In Praise of Micro-Fiction

Ideas for fiction can come from almost anywhere and at anytime. I’ve had characters and plot points that rattled around in my head for months or years before I ever tried to make something of them. But the advent of widespread flash and micro-fiction has resulted in more opportunities to make something of an idea quickly – sometimes on the spot – without the need for a lot of character or storyline development, let alone research.

One of my recent D.A. Donaldson micros, Translation, came to me in the middle of the night. On this occasion I promptly rolled out of bed and stumbled into my “office” to jot the whole thing down on a piece of scrap, and with only a little editing the next day, it was ready to go.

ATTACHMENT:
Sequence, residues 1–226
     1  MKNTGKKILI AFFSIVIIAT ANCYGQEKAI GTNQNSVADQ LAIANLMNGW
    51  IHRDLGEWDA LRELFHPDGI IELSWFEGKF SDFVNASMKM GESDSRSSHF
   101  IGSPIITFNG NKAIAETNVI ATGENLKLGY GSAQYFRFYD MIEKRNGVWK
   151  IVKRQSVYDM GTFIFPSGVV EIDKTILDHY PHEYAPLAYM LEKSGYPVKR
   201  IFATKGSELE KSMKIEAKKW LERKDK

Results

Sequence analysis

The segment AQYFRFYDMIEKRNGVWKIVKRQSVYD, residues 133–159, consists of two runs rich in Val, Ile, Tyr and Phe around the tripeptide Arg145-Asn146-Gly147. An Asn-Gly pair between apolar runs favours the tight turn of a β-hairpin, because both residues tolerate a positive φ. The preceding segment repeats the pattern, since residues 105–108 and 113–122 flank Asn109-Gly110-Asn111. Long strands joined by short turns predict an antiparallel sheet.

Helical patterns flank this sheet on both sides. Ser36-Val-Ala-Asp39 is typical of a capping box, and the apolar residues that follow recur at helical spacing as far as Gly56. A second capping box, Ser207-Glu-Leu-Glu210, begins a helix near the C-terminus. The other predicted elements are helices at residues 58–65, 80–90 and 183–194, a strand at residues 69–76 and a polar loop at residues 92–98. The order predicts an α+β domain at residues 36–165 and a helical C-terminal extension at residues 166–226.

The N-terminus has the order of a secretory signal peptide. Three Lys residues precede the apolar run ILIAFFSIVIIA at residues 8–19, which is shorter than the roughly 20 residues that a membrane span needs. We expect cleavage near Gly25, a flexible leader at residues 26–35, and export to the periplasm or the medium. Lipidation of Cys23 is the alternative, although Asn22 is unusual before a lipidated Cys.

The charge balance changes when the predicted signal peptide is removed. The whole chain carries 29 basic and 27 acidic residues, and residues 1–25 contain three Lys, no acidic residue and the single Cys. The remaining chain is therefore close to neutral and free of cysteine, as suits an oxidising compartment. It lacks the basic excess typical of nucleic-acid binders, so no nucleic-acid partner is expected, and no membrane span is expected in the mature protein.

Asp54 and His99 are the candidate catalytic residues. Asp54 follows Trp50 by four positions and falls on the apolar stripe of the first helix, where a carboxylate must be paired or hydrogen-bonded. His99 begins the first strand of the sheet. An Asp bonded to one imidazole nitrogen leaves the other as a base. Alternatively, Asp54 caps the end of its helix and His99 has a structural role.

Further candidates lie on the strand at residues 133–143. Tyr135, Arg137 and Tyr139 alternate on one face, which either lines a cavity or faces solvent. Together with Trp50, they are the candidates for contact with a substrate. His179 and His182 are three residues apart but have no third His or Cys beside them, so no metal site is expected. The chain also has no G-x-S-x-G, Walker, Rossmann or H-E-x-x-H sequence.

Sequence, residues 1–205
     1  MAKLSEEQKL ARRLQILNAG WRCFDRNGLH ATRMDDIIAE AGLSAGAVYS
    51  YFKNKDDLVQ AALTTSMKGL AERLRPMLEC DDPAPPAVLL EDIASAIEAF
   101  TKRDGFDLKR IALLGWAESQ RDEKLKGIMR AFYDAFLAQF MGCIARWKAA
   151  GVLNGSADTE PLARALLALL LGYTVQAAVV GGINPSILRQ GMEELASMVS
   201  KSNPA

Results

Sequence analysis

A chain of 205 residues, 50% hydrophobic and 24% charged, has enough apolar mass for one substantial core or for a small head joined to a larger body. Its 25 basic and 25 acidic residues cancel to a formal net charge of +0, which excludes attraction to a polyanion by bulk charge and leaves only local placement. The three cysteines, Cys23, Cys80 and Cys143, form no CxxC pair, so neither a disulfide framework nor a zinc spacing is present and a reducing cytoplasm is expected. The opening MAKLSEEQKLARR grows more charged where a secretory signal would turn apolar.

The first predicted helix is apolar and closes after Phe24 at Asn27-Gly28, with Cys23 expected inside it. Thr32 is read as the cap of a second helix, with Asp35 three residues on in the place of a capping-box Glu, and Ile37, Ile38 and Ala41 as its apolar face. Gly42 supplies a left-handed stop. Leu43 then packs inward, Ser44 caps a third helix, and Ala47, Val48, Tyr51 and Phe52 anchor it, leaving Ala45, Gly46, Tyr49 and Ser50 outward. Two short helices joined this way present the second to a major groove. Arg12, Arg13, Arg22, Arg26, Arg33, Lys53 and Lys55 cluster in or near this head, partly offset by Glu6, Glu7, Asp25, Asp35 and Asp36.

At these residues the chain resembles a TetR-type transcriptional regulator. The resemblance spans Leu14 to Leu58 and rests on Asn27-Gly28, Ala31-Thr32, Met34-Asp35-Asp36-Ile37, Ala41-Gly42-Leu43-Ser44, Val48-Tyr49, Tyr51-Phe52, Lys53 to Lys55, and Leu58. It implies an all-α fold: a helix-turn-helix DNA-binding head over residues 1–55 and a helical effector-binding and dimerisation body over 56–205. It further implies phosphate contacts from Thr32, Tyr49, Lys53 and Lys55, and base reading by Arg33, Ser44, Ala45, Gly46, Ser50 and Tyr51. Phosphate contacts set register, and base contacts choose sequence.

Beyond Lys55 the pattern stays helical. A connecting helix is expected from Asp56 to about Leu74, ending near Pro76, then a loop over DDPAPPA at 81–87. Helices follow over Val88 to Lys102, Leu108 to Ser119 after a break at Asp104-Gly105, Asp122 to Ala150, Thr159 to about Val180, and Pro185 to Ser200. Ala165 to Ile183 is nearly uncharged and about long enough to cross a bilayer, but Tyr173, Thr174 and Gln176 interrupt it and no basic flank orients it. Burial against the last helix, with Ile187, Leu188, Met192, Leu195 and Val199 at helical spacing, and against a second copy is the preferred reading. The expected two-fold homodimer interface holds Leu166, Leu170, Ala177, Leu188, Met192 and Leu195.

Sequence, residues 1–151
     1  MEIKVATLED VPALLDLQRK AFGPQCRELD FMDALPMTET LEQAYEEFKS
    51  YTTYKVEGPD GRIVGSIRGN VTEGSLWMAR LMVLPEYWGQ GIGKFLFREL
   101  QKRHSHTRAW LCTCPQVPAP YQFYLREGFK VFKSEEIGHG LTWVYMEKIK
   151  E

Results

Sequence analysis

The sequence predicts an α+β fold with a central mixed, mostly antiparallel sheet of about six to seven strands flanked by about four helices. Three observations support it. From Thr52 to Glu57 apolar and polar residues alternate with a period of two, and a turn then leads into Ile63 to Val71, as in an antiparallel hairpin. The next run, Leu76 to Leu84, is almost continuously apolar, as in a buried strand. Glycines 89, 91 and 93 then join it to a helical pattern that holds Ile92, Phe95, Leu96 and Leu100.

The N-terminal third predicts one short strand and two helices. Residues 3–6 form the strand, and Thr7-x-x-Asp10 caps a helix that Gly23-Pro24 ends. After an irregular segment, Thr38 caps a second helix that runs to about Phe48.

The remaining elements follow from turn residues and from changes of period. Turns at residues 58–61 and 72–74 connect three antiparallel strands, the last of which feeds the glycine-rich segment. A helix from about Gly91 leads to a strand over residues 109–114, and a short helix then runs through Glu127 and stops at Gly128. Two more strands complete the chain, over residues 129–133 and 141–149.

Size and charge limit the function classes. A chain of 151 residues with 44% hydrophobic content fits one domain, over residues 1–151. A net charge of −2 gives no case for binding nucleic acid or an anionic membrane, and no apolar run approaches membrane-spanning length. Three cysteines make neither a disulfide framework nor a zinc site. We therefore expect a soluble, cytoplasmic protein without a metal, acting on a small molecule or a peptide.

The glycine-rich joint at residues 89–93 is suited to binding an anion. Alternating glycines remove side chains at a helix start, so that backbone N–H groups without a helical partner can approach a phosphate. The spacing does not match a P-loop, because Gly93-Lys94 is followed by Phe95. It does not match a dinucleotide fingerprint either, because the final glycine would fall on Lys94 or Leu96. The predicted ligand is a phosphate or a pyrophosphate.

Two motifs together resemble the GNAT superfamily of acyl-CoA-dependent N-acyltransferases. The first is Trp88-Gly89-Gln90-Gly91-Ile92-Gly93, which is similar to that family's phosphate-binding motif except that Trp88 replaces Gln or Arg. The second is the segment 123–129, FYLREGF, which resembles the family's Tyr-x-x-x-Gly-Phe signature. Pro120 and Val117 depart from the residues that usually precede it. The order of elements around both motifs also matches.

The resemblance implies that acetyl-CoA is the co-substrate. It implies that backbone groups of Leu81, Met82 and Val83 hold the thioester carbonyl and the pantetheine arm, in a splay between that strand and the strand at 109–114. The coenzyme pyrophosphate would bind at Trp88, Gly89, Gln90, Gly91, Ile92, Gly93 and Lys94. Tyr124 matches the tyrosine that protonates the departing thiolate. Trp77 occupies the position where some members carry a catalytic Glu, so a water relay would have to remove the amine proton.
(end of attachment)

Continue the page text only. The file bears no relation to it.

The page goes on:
And that’s the beauty of micro / flash fiction. As a writer you can get your “fix” and make use of ideas quickly, while they’re still fresh, instead of adding them to an accumulating pile of ideas that may or may not one day coalesce into a longer short-story or novel. You might even find an outlet to publish your mini-masterpieces. And if you don’t, well, that’s what blogs are for!

The truth is that although I have several novels in progress with anywhere from 1,000 to 20,000 words down on paper, I enjoy writing and reading short fiction so much more. I have been prompted to laugh or shed a tear by beautifully written 100-word compositions, and isn’t that the point of any creative endeavor – to evoke an emotional response from the audience?

So with life so busy these days, I am sincerely thankful for the opportunity to read and write short-short fiction and have it recognized as a legitimate story form. Whoever it was that started this trend, know that I (and many other would-be authors) appreciate you! Well done.

~ Don                                                  my 2:00 a.m. scribble  scribble note

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